Originally Posted by taskswap
I figured I would use thick plywood screwed to the vertical struts as a mold and plastic sheeting as a release - the pour foam I've used in the past was pretty happy letting go of that. It's just a pain to do overhead, so I guess I've been still poking around looking for an "elegant" solution.
It pains me to see all you guys adding all this plywood and OSB to the floors, walls, and roof of the buses.
If you strap the walls, you can glue 1.5 to 2 inch thick sheets of rigid Styrofoam right to the strapping. This is far lighter, and just as strong as plywood. Your finish wall covering glues right to the inside of the rigid Styrofoam. Finish wall coverings can be FRP, arborite, paneling, ect. Cupboards, and things mount with screws through the rigid Styrofoam into the strapping.
This cuts the weight, the thermal mass, and creates a perfect thermal break, uses half as much spray or pour foam, saves money on plywood, eliminates all that extra wood in the walls and ceiling.
Floors are even easier.
Everyone thinks you need a mechanical fasteners to hold something in place, not the case. We live in a world of adhesives.
Again, there is no need for furring strips, strapping, or any wood what so ever in a floor. There are builds on here where people think they need to support the plywood in the floor with 2x4's, suspending the plywood / OSB over the rigid Styrofoam, leaving a air gap. Its like people think the rigid Styrofoam can't take the weight.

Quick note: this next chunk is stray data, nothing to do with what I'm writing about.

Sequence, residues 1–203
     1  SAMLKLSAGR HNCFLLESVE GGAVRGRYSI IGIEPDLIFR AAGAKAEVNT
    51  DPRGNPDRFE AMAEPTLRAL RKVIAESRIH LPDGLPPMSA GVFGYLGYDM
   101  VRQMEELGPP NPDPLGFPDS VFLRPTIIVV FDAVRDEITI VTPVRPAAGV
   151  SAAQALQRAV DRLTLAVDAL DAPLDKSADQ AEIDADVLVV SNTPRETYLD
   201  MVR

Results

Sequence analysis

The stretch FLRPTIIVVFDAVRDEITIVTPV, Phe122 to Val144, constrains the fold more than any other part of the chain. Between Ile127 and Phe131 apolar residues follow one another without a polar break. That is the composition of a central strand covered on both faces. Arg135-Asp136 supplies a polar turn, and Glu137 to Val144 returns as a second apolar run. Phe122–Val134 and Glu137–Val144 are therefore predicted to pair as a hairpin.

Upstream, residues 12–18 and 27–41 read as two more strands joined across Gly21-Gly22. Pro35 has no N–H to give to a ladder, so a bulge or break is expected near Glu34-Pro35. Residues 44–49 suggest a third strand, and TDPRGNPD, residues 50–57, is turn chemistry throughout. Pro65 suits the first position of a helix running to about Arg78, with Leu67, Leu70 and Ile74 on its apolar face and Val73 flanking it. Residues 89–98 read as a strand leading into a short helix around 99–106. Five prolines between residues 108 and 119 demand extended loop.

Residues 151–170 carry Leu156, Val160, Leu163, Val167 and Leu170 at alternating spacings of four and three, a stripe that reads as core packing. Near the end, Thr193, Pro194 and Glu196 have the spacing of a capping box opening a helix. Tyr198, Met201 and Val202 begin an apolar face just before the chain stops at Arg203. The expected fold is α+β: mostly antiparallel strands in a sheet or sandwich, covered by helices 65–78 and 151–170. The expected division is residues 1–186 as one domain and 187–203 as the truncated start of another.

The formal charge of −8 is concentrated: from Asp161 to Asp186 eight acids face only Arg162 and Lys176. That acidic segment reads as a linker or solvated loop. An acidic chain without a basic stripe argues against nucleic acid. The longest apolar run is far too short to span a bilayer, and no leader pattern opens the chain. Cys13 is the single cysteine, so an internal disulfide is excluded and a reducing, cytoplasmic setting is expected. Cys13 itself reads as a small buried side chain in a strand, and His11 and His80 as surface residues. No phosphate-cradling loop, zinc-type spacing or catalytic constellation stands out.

Well it can.
Concrete here in Canada all gets rigid Styrofoam under it to insulate it from the earth, and stop the damaging frost. The blue rigid Styrofoam comes here in two grades. 2000 and 3000. That number references to how many PSI the Styrofoam can take per square foot.
Long story short, the flooring in our buses will never see the weight that a concrete floor does. Therefore no wood is need to support the subfloor in a bus.
Now for floor sheeting, or "subfloor", the layer that your finish flooring secures to.
Most fellow members use OSB, or plywood simply because they have seen it done, and cost. But your putting wood back in a floor to rot, mold, get bugs in it, ect.
16 and 14 galvanized steel makes a great subfloor layer. Again using adhesives, it simply glues to the rigid Styrofoam sheet below it. No mechanical fastener is needed. Finish flooring glues right to the top side of the galvanized steel. Flooring like vinyl plank, VCT tiles, ect work really well.
So starting from the old steel floor of the bus, glue one or two layers of 1.5 or 2 inch rigid Styrofoam to the steel floor, then glue the next layer to the first. Now cut in your in floor heating lines, glue your galvanized metal subfloor to the surface of your Styrofoam with your new heat lines, and glue your finish flooring onto the surface of the galvanized metal. Done
You now have a far stronger, lighter, rot proof, bug proof, warm floor that would stay in place even if you rolled the bus.
Just install the plywood or what ever your sheeting the walls with, then pour the foam. The foam will bond to the back of your sheeting, and save you a few steps. No need for the plastic, or to remove anything.